My debtor is in judicial reorganization, now what?

Formerly known as the Continuity of Enterprises Act

If you want to collect unpaid invoices via the IOS procedure, for example via Unpaid, it is possible that this will not work because your debtor is bankrupt or has invoked the law on the possibility of judicial reorganisation (now insolvency law, formerly known as the law on the continuity of the company or WCO). We would like to explain to you exactly what this means.

What is the judicial reorganisation (also known as the law on the continuity of the company)?

If a company invokes (and is granted) the possibilities of judicial reorganisation, it still protects itself against its creditors. The creditor can therefore choose whether or not to participate in a reorganisation plan. If the creditor believes that there is still a future for the debtor, they often participate in a reorganisation. Ultimately, the decision on the reorganisation plan lies with the majority of the creditors. If the majority approve the plan, the rest must follow. If the majority of the creditors refuse to go along with the plan, there is a good chance that the WCO will go bankrupt.


 

Different types of judicial reorganisations: My debtor is in judicial reorganization

  1. A reorganisation by amicable agreement with the creditors (spreading the payment, cancelling part of the debts, etc.).

  2. A reorganisation by means of a collective agreement with the creditors. This involves drawing up a continuation plan for the company and usually cancelling part of the debts.
     
  3. A reorganisation by means of a transfer of part or all of the undertaking to one or more third parties. Here the business or part of the business is sold.

When can a company invoke a judicial reorganisation?

If a company is in financial difficulties, it can give itself another chance to continue its activities via the judicial reorganisation procedure. In the first instance, they want to save time and, with the help of a recovery plan, restore the company to financial health.

The consequence of the start of the judicial reorganisation procedure is that the debts of the company are no longer due and therefore cannot be recovered via the IOS procedure or via the court. The company also benefits from the advantage of an obligation to deliver, even if the old invoices remain unpaid.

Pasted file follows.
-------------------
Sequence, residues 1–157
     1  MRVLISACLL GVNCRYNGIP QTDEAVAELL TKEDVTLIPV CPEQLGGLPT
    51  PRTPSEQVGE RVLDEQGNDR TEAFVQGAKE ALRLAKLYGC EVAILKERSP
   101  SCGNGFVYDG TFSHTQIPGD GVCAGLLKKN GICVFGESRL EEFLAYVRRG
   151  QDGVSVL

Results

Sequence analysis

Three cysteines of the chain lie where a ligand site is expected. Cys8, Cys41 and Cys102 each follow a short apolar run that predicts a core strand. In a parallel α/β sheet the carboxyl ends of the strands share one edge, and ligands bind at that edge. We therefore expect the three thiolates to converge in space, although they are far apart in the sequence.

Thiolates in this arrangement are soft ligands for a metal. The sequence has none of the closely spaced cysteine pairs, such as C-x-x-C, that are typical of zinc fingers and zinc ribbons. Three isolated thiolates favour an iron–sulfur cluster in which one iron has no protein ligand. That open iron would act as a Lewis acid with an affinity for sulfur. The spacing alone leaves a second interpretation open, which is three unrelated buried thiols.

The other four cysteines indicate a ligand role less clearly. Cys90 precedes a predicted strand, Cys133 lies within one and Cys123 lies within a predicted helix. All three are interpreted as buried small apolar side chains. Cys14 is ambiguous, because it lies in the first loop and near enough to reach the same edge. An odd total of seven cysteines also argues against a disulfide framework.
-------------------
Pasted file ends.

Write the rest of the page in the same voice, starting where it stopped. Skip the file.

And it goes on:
Who can use the judicial reorganisation procedure?

The term 'trader' used to be important, but it is no longer important today. Now the law applies to every 'company'. A company is:

  • A legal person (except public law): a company (regardless of the operation), non-profit organizations (VZW's) and foundations.
  • A natural person who pursues a professional activity on an independent basis. The directors of a company and a manager are also entrepreneurs.
  • Liberal professions: pharmacists, dentists, doctors, lawyers, etc.

What if your debtor enjoys the protection of a judicial reorganisation?

The judicial reorganisation of your client predicts little good for your outstanding invoices but is not yet a reason to bury your head in the sand.

What to do if your client requests a judicial reorganisation

As a company you have to use RegSol. This is the government's user-friendly digital platform for handling these files electronically. It ensures that you are kept up to date with the entire procedure, and it increases the chance of recovering unpaid invoices from a debtor in a judicial reorganisation.

We are happy to give you the following tips if your unpaid invoices remain on ice for a while:

  1. Check the list of amounts and creditors

    The debtor is given 8 days to inform the creditors. As soon as you receive the news, it is best to check whether you are on that list and whether the amounts are correct. In addition, you should check whether the status of the claim is correct. If you have seen a mistake, you can appeal. Note: you must respond in advance of one month before the date of the hearing.
     
  2. Inform yourself

    It is advisable to get to know your client's accounting situation. During the procedure, you have the right to consult the judicial reorganisation file.
     
  3. Attendance at the vote

     

    The purpose of this hearing is to approve your debtor's reorganization plan. If you attend, you will have the opportunity to give your approval and assert your rights. In some cases this can be interesting. Oftentimes it can be a waste of time for a small creditor.

  4. Comply with your obligations
     

    This suspension period does not suspend ongoing contracts. The new claims will not be frozen and you can demand stricter payment conditions. But this may involve a risk. The greater the debt of your debtor, the smaller the chance that you can still recover your unpaid invoices.

    Once the procedure is over, by collective agreement, there are two options for your debtor: recovery or bankruptcy. If recovery is decided , you can continue to work with your client. Your debtor will most likely do his best to make sure that this will not happen again. It goes without saying that you should remain cautious so that your own business is not compromised.

 

Do you have any questions and/or remarks about this article? Don't hesitate to contact us, we will be happy to help you.